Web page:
Monday, December 5, 2022


When I was teaching in the 80s until I retired in 2006, at the beginning of each year, I gave my senior students the following assignment to help welcome junior students to the school. Each senior was to find a junior student they did not know, make eye contact and smile. They were to not speak, just make eye contact and smile, every time they saw the junior student.

The senior students were at first uncomfortable but as time went on, they became more relaxed. The junior students, when I talked to them, said that they felt really welcomed at the school and that the senior students were nice and kind. The world’s largest in-depth study into kindness, the Kindness Test, led by Professor Robin Banerjee at the University of Sussex was launched on BBC Radio 4 in 2021. More than 60,000 people from 144 countries chose to take part. Here are some things they learned from the study. We believe the world is not a kind place and the newspapers, TV and Radio news re-enforce this perception every day, but the results of the kindness survey say differently.

1. Kind acts are very common

Three-quarters of people told us they received kindness from close friends or family quite often or nearly all the time. And when we asked about the most recent time someone was kind to them, 16% of people said it was within the last hour and a further 43% said it was within the last day. Whatever people’s age or wherever they lived, kindness was very common.

2. The most common kind of action is to help people when they ask

You don’t have to scale Everest for charity or save someone from a burning building (wonderful as these acts both are) to practise kindness in everyday life and to make a difference to people. Our study shows how everyday most acts of kindness are.

Helping people when they asked was the most commonly reported kindness. Next came doing favours for friends, opening doors to let people through, helping strangers to pick up things they’d dropped, followed by having concerned feelings for people less fortunate than them.

3. Two-thirds of the people think the pandemic has made us kinder

People who took part in The Kindness Test felt that in terms of their lifetimes, levels of kindness had either stayed the same (39%) or declined (36%). Yet the experience during the pandemic seems very different with two-thirds of people saying this unprecedented time made people kinder. Perhaps because it was so difficult, people took more time to look after each other and noticed the small kindnesses that can make such a difference.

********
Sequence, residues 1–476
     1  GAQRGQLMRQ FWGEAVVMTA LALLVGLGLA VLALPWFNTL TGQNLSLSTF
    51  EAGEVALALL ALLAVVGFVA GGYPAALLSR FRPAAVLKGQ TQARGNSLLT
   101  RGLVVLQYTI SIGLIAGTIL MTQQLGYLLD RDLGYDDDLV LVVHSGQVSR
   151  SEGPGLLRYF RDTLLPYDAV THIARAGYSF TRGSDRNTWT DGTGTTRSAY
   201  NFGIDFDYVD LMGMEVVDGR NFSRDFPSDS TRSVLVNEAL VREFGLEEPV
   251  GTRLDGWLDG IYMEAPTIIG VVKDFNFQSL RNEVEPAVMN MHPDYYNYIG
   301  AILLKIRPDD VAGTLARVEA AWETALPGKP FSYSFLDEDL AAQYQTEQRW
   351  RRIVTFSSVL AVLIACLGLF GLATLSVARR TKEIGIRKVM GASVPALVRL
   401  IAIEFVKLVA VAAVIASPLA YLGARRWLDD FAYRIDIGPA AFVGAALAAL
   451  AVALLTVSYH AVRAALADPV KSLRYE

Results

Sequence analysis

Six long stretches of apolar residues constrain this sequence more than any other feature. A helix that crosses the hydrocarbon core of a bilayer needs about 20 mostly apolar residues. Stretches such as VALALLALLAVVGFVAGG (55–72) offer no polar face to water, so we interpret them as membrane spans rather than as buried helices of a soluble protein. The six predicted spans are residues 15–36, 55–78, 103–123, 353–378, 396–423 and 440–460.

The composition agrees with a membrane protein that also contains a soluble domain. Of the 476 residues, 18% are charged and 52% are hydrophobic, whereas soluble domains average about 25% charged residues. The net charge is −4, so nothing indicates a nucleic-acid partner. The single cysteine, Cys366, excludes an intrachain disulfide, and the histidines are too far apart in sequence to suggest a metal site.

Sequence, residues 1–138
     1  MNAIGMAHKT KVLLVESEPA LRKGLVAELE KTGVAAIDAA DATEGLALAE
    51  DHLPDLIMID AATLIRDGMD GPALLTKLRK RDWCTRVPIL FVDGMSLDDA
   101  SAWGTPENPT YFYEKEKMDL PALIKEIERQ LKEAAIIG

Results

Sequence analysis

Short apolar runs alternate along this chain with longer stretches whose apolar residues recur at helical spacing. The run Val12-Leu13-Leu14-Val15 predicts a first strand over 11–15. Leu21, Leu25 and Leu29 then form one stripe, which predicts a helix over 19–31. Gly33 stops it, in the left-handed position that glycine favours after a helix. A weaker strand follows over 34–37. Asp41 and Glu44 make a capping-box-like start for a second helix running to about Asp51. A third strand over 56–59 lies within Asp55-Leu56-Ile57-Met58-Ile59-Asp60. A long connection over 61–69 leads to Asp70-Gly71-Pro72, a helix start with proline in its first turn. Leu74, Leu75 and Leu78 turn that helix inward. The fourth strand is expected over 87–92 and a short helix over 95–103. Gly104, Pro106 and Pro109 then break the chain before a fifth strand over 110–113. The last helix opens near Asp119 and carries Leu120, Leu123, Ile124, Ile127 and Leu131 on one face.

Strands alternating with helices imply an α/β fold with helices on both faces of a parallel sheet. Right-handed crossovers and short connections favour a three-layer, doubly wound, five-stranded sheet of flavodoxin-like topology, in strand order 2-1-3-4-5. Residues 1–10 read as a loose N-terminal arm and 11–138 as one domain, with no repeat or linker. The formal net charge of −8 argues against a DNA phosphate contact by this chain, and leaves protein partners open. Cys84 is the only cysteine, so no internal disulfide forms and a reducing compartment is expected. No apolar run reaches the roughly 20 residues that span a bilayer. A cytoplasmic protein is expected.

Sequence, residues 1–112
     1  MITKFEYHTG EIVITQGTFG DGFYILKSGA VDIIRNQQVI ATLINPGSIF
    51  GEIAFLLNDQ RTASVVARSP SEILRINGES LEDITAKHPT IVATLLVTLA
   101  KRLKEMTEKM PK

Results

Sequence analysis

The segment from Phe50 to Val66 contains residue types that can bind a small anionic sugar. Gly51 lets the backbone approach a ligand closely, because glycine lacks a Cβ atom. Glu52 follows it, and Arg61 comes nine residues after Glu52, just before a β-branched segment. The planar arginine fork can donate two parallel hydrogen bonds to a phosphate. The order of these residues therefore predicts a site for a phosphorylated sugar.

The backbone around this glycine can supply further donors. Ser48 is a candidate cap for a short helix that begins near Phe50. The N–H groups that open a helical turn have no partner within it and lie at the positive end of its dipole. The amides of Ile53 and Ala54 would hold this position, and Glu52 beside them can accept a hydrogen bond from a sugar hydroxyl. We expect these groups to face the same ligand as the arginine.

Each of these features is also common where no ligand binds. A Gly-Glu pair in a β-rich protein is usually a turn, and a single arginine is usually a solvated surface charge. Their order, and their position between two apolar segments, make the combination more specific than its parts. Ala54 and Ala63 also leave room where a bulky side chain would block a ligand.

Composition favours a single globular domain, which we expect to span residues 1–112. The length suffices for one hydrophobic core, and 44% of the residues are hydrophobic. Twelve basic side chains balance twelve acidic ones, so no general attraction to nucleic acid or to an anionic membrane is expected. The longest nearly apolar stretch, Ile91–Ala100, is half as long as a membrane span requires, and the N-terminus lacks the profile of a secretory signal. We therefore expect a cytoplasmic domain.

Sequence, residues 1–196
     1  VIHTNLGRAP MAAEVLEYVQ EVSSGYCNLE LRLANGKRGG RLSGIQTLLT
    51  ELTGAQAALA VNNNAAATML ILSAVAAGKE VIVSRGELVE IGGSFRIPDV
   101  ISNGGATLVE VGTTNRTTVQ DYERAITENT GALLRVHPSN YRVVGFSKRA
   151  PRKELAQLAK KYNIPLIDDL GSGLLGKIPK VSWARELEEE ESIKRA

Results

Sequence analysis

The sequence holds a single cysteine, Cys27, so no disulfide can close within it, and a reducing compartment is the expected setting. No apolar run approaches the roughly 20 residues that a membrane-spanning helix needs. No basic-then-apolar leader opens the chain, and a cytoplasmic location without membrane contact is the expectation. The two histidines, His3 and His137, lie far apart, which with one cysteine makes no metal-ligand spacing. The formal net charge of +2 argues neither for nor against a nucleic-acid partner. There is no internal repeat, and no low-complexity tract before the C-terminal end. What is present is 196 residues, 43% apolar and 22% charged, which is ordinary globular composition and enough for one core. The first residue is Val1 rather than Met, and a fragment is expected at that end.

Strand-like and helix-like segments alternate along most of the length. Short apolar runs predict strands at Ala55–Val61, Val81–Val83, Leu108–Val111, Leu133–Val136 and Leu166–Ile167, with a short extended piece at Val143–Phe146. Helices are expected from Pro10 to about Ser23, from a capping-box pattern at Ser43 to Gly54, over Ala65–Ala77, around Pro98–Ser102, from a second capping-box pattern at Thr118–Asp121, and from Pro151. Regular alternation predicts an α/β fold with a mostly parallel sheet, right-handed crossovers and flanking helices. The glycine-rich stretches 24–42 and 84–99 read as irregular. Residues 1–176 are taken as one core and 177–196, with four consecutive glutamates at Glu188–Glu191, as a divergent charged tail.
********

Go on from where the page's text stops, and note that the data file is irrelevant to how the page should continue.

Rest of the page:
Sunday, December 4, 2022

Fight the stigma against dementia

 Act. Know what you can do to fight the stigma as advised by the Alzheimer’s Association.

1. Learn the facts about dementia

Talking about dementia lessens our fear and increases understanding. The Alzheimer Society has many resources, both online and in print, that you can use to learn more about dementia.

Once you've learned more about dementia, share your knowledge with others. If you hear something about dementia that is false or misleading, don't be afraid to challenge it.

2. Don’t make assumptions

Dementia is a progressive disease and affects each person differently. A diagnosis doesn’t mean the person will have to stop their daily routine or give up working right away.

If someone says they have been diagnosed with dementia, take them at their word. Even if a person doesn't seem "old" enough, they may have young-onset dementia. If you have a question about dementia, talk to your local Alzheimer’s Society. They can provide answers and direct you to more resources in your community. You can also send your questions to the Alzheimer Society of Canada at

3. Use person-centred language

We don’t tolerate racial jokes or jokes about other diseases such as cancer. Yet dementia jokes are common. Don't punch down on people living with dementia by making jokes at their expense.

For a person to live well with dementia, it's important to reinforce their dignity, independence and personhood. Using person-centred language can help you focus on those principles when talking about dementia and the people who live with it.

4. Be a friend

People living with dementia don’t want to lose their friends nor do they want to stop doing the activities they enjoy.

Be supportive. Stay in touch and connected. Social activity helps slow the progression of the disease and lets people with dementia know you care.

5. Hear from the people who experience stigma

The Alzheimer Society works to raise awareness of the realities of dementia, and fight the effects of stigma. However, there is perhaps no better way to know what stigma is than to listen to the people who have experienced it firsthand.

Visit  to read the stories of people living with dementia, families and caregivers. Let them help you understand what it's like to live with dementia and face stigma.

6. Test your attitude

Take their quiz on misinformation and stereotypes about dementia. It offers six scenarios that involve dementia and asks how you would handle each situation.

It only takes five to ten minutes. There are no right or wrong answers, but your responses may surprise you!

7. Encourage early diagnosis

People with dementia can live meaningful and productive lives for many years after an early diagnosis. Dementia diagnosed early helps both the person and family members to learn about the disease, set realistic expectations and plan for their future together.

By encouraging early diagnosis, you can help eliminate the stigma around dementia.

8. Support the caregiver

Caregivers need support, too. Knowing more about what they go through is a good start – most caregivers wish that more people understood the realities of caring for someone living with dementia.

If you know someone who is caring for a person living with dementia, it's important that you show understanding and offer help. They will appreciate it.

9. Stay informed